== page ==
NEW DELHI (Reuters) -- India outlined plans on Monday to invest billions of dollars in airports, aircraft and recruitment as the world's fastest growing economy seeks to meet booming air travel demand.
Growth will include new airports, more regulators and air traffic controllers, and new flying schools, Civil Aviation Minister Jyotiraditya Scindia told an industry audience.
"We need to put in place the civil aviation infrastructure and capabilities that by 2047 would be able to support a $20 trillion economy within India," Scindia told the CAPA India Aviation Summit in New Delhi.
Prime Minister Narendra Modi's government said this year that the South Asian nation would spend 980 billion rupees ($11.88 billion) by 2025 to boost regional connectivity by constructing airports and modernizing existing ones.
Weak infrastructure is seen as hindering India's aviation growth, especially as it looks to connect the country's hinterlands to bigger cities in a bid to get more people to fly.
Scindia said passenger capacity at the country's six major airports is expected to grow to 420 million in four years from 192 million today, and the Indian carriers' fleet will grow to 2,000 aircraft in five years from 700.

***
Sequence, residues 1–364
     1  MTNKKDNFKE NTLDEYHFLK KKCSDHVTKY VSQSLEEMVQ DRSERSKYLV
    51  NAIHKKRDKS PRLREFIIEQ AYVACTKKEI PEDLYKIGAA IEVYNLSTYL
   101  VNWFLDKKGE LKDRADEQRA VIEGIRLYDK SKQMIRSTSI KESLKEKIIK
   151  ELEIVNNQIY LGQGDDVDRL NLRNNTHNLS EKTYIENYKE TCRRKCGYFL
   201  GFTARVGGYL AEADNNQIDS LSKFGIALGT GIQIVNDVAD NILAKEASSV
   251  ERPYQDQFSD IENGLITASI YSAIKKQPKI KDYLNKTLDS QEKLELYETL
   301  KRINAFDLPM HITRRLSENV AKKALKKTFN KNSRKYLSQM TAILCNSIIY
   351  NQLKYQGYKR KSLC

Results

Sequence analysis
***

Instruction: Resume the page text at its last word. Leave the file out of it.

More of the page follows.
Airline traffic is recovering quickly from coronavirus restrictions that led to jets being grounded worldwide in 2020, with manufacturers now struggling to keep pace with aircraft demand and engine shortages grounding some planes.
"Surprisingly and shockingly, the situation has turned the other way. Where at one point we did not have passengers to fill our airplanes ... now we do not have enough airplanes to fly our passengers," Scindia said.
To help fill the gap, India has tweaked its airplane leasing program, including more "wet leasing" or renting of planes with crew, for domestic and international routes, he added.
Consultancy CAPA India expects at least 1,300 more orders from Indian airlines in the next one to two years, weeks after Air India announced a record order for 470 jets.
But it warned that the notoriously cyclical industry could tip back toward surplus.
Kapil Kaul, the consultancy's chief executive, said Indian airlines were flying over 90% full even during the normally quieter weekdays -- "a sign of shortages."
There is also a "serious shortage of experienced pilots, particularly for wide-bodies," he added.